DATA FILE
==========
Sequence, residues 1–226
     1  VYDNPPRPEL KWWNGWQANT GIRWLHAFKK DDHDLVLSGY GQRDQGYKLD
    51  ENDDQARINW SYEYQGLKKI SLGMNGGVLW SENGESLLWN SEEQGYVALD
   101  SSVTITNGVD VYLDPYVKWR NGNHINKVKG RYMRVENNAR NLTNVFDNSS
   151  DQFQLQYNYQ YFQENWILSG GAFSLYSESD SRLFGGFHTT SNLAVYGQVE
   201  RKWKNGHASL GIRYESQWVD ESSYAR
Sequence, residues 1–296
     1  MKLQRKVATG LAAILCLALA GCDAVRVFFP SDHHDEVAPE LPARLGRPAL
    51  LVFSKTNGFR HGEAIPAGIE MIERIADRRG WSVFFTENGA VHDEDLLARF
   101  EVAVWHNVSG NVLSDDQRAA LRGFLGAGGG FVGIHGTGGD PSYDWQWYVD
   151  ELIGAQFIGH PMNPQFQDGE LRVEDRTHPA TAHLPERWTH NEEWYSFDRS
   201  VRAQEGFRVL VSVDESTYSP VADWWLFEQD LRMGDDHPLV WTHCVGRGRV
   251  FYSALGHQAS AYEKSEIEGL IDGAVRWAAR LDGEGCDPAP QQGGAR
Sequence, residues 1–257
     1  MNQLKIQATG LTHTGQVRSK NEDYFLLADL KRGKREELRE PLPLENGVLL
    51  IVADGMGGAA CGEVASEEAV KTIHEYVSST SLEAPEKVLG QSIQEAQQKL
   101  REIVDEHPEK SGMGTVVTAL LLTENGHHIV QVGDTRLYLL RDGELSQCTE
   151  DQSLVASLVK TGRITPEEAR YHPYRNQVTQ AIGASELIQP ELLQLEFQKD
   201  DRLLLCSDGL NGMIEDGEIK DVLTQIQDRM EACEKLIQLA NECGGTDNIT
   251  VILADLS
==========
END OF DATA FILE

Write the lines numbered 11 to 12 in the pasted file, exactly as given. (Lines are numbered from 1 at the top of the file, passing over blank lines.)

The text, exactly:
   151  ELIGAQFIGH PMNPQFQDGE LRVEDRTHPA TAHLPERWTH NEEWYSFDRS
   201  VRAQEGFRVL VSVDESTYSP VADWWLFEQD LRMGDDHPLV WTHCVGRGRV